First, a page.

February 2015 Global Surface (Land+Ocean) and Lower Troposphere Temperature Anomaly & Model-Data Difference Update

Guest Post by Bob Tisdale

This post provides an update of the data for the three primary suppliers of global land+ocean surface temperature data—GISS through February 2015 and HADCRUT4 and NCDC through January 2015—and of the two suppliers of satellite-based lower troposphere temperature data (RSS and UAH) through February 2015.


For discussions of the annual GISS and NCDC data for 2014, see the posts:

GISS LOTI surface data, and the two lower troposphere temperature datasets are for the most recent month.  The HADCRUT4 and NCDC data lag one month.

This post contains graphs of running trends in global surface temperature anomalies for periods of 14+ and 17+ years using GISS global (land+ocean) surface temperature data.  They indicate that we have not seen a warming slowdown (based on 14+ year trends) this long since the late-1970s or a warming slowdown (based on 17+ year trends) since about 1980.

Much of the following text is boilerplate. It is intended for those new to the presentation of global surface temperature anomaly data.

Most of the update graphs start in 1979.  That’s a commonly used start year for global temperature products because many of the satellite-based temperature datasets start then.

We discussed why the three suppliers of surface temperature data use different base years for anomalies in the post Why Aren’t Global Surface Temperature Data Produced in Absolute Form?

But first, let’s illustrate how badly the climate models used by the IPCC simulate global surface temperatures in light of the recent slowdown in global surface warming.


Considering the uptick in surface temperatures this year (discussions linked above), government agencies that supply global surface temperature products have been touting record high combined global land and ocean surface temperatures. Alarmists happily ignore the fact that it is easy to have record high global temperatures in the midst of a hiatus or slowdown in global warming, and they have been using the recent record highs to draw attention away from the growing difference between observed global surface temperatures and the IPCC climate model-based projections of them.

There are a number of ways to present how poorly climate models simulate global surface temperatures.  Normally they are compared in a time-series graph.  See the example here. In that example, GISS Land-Ocean Temperature Index (LOTI) data are compared to the multi-model mean of the climate models stored in the CMIP5 archive, which was used by the IPCC for their 5th Assessment Report. The data and model outputs have been smoothed with 61-month filters to reduce the monthly variations.

Another way to show how poorly climate models perform is to subtract the data from the average of the model outputs (model mean). We first presented and discussed this method using global surface temperatures in absolute form. (See the post On the Elusive Absolute Global Mean Surface Temperature – A Model-Data Comparison.)  The graph below shows a model-data difference using anomalies, where the data are represented by GISS global Land-Ocean Temperature Index (LOTI) and the model simulations of global surface temperature are represented by the multi-model mean of the models stored in the CMIP5 archive. To assure that the base years used for anomalies did not bias the graph, the full term of the data (1880 to 2013) were used as the reference period.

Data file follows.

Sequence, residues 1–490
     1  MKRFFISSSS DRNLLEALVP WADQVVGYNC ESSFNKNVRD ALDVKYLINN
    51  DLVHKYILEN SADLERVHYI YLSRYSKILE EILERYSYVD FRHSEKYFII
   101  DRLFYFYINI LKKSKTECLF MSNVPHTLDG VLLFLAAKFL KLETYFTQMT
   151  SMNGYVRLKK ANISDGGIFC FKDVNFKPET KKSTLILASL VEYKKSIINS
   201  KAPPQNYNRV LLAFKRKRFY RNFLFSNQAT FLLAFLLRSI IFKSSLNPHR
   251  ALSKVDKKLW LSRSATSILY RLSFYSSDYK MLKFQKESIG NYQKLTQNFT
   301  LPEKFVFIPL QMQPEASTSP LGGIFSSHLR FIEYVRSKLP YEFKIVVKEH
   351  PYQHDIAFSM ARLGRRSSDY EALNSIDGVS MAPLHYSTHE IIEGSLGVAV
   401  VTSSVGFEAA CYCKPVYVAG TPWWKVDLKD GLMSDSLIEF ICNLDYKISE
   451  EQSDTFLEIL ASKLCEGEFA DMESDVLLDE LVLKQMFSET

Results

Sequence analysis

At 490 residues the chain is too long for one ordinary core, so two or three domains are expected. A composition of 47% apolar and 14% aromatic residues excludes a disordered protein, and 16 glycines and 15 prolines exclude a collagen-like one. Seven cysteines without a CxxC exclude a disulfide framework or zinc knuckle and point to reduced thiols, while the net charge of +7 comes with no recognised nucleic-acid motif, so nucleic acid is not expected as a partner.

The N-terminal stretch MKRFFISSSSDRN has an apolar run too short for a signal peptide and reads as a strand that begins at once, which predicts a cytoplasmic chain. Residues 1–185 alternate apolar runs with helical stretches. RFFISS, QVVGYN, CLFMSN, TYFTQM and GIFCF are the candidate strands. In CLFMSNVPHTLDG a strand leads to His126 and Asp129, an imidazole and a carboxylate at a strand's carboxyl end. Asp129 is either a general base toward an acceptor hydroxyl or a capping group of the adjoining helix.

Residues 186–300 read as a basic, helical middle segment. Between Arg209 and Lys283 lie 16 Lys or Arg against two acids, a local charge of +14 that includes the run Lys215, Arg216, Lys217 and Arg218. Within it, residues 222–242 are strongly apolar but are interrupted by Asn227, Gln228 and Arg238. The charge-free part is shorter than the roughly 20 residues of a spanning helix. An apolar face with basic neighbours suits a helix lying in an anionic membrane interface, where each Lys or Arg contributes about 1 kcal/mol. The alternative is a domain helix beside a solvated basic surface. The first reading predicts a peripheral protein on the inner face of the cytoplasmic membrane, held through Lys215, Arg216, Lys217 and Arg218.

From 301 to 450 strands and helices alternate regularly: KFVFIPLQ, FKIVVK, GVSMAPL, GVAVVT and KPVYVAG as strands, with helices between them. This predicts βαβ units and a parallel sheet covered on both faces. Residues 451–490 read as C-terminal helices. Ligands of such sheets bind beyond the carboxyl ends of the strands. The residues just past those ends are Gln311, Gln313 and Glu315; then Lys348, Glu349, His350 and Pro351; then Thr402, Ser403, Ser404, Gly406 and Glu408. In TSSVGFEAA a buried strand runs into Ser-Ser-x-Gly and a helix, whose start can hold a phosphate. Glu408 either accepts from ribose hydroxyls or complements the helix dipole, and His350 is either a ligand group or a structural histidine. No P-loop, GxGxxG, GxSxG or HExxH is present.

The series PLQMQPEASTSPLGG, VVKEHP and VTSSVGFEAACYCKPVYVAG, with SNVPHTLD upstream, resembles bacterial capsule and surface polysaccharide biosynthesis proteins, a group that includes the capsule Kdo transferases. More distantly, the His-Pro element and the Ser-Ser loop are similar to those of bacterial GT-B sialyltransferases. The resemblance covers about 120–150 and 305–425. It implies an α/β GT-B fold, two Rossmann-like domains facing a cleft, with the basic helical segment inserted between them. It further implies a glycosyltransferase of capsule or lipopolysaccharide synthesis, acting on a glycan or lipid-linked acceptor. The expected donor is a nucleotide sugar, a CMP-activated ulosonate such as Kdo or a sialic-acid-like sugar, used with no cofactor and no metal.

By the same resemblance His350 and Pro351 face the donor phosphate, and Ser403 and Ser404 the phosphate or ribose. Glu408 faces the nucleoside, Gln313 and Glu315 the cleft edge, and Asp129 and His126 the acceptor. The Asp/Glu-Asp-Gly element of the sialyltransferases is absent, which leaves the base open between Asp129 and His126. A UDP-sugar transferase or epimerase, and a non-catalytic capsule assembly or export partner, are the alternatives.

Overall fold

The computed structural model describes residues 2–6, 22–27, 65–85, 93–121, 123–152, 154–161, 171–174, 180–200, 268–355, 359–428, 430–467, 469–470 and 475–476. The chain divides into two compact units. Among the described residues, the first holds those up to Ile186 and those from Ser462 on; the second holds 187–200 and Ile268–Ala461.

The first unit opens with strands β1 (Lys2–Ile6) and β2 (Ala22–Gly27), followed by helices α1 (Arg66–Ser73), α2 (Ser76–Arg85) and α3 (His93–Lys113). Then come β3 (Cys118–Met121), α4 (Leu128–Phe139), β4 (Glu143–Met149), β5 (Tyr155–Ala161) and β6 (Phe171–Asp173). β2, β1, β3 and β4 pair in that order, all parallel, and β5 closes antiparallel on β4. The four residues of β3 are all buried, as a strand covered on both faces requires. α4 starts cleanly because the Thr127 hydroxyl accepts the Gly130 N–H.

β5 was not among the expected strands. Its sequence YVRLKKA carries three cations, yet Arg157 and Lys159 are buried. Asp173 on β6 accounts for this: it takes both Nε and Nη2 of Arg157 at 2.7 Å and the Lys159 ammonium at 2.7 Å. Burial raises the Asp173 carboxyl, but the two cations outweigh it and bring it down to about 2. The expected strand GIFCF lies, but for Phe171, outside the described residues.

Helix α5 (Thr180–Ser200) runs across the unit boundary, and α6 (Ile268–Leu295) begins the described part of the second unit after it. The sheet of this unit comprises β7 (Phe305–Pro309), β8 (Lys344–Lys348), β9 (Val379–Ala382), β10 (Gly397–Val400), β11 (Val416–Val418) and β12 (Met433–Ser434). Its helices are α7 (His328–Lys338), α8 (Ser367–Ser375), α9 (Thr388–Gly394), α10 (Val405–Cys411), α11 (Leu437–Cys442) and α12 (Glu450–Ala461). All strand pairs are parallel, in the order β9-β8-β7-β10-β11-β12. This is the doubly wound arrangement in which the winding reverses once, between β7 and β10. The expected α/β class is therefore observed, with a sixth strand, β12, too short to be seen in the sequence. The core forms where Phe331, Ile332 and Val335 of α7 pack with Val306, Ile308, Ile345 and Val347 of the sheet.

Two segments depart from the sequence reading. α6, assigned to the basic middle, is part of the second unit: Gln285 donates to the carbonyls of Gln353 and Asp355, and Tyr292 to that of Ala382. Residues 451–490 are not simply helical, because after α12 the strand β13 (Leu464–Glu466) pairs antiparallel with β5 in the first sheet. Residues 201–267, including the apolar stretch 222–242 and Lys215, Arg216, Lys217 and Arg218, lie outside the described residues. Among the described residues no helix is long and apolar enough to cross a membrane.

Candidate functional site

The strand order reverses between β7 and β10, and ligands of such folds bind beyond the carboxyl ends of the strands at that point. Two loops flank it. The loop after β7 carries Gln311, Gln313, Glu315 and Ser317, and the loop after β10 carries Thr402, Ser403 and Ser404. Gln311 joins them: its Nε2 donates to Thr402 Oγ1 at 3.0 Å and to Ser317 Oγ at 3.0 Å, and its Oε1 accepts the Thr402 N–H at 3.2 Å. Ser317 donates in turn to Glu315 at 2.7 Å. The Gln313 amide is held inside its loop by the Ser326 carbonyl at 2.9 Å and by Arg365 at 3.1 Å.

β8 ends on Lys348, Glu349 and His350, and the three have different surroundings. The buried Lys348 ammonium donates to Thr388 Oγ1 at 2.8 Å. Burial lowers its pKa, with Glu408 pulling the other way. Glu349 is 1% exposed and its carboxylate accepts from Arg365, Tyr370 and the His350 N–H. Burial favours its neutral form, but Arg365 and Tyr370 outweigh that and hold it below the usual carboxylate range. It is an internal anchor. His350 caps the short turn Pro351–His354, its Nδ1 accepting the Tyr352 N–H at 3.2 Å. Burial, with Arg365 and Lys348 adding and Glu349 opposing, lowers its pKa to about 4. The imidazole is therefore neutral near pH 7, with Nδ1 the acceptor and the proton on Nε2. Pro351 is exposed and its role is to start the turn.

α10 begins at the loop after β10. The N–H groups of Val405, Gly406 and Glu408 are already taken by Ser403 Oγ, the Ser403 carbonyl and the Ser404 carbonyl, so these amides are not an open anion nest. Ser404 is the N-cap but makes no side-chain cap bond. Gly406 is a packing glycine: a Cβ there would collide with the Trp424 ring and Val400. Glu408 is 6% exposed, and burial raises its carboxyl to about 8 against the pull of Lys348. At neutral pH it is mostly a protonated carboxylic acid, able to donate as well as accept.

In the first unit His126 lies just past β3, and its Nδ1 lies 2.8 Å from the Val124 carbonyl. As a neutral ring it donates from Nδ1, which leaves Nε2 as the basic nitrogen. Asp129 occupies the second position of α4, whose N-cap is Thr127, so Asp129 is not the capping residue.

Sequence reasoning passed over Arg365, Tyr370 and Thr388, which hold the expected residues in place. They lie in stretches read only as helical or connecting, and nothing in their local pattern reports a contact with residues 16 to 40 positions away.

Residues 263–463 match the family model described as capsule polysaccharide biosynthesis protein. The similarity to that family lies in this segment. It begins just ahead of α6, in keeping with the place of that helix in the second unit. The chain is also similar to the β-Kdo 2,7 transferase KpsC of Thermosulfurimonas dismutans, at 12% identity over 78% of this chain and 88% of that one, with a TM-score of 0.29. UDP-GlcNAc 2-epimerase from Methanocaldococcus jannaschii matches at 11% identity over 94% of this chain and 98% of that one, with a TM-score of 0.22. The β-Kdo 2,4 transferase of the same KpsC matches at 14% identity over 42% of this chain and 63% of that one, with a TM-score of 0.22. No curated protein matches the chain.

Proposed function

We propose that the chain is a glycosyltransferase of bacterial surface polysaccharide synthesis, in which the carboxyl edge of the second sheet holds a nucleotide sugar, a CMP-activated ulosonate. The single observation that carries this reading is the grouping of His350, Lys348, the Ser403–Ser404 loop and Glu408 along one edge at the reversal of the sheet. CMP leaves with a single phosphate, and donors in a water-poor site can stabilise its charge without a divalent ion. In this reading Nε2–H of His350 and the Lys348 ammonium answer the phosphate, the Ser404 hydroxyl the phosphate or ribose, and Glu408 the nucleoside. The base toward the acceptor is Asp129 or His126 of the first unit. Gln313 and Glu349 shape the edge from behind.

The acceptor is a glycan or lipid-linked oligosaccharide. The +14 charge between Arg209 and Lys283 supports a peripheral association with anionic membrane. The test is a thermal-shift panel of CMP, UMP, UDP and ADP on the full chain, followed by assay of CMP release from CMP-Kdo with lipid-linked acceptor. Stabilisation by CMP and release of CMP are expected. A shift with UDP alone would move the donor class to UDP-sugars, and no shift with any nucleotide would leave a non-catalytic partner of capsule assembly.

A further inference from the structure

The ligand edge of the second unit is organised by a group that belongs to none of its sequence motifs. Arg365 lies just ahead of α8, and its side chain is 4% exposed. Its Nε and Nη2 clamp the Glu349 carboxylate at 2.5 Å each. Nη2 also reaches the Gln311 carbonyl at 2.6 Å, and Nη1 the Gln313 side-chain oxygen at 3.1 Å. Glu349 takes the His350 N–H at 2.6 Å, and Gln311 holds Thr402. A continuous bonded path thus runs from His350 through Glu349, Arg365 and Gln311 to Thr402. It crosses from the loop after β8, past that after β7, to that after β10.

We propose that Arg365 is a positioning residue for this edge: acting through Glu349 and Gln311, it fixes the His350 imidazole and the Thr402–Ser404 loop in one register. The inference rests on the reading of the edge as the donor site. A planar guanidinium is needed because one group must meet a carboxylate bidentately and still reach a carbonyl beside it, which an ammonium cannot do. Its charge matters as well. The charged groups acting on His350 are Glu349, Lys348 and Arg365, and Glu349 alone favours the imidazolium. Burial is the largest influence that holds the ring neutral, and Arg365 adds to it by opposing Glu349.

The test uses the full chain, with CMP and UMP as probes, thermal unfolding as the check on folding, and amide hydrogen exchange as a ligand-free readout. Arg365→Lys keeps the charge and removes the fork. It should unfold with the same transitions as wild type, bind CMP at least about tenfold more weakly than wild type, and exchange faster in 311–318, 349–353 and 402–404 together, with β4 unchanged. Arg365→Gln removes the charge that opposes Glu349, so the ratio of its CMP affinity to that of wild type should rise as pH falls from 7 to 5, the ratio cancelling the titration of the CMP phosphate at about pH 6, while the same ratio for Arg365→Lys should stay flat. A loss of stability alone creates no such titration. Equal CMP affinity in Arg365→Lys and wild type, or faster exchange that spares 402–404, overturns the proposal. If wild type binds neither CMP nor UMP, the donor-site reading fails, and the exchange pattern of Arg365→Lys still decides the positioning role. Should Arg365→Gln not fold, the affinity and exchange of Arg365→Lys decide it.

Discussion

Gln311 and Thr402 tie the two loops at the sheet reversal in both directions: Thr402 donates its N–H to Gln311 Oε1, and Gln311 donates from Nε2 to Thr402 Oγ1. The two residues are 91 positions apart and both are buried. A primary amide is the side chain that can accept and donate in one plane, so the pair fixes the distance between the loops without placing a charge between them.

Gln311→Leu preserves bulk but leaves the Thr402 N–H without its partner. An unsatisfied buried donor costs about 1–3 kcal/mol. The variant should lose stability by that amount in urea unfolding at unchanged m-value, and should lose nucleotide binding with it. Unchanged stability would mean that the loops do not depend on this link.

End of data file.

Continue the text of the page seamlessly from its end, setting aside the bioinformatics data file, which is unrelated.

In this example, we’re illustrating the model-data differences in the monthly surface temperature anomalies. Also included in red is the difference smoothed with a 61-month running mean filter.

00 Model-Data Difference

Figure 00 – Model-Data Difference

The greatest difference between models and data occurs in the 1880s.  The difference decreases drastically from the 1880s and switches signs by the 1910s.  The reason:  the models do not properly simulate the observed cooling that takes place at that time.  Because the models failed to properly simulate the cooling from the 1880s to the 1910s, they also failed to properly simulate the warming that took place from the 1910s until 1940. That explains the long-term decrease in the difference during that period and the switching of signs in the difference once again.  The difference cycles back and forth nearer to a zero difference until the 1990s, indicating the models are tracking observations better (relatively) during that period. And from the 1990s to present, because of the slowdown in warming, the difference has increased to greatest value since about 1910…where the difference indicates the models are showing too much warming.

It’s very easy to see the recent record-high global surface temperatures have had a tiny impact on the difference between models and observations.

See the post On the Use of the Multi-Model Mean for a discussion of its use in model-data comparisons.


Introduction: The GISS Land Ocean Temperature Index (LOTI) data is a product of the Goddard Institute for Space Studies.  Starting with their February 2013 update, GISS LOTI uses NCDC ERSST.v3b sea surface temperature data.  The impact of the recent change in sea surface temperature datasets is discussed here.  GISS adjusts GHCN and other land surface temperature data via a number of methods and infills missing data using 1200km smoothing. Refer to the GISS description here.   Unlike the UK Met Office and NCDC products, GISS masks sea surface temperature data at the poles where seasonal sea ice exists, and they extend land surface temperature data out over the oceans in those locations.  Refer to the discussions here and here. GISS uses the base years of 1951-1980 as the reference period for anomalies.  The data source is here.

Update:  The February 2015 GISS global temperature anomaly is +0.79 deg C.  It increased (about +0.04 deg C) since January 2015.


Figure 1 – GISS Land-Ocean Temperature Index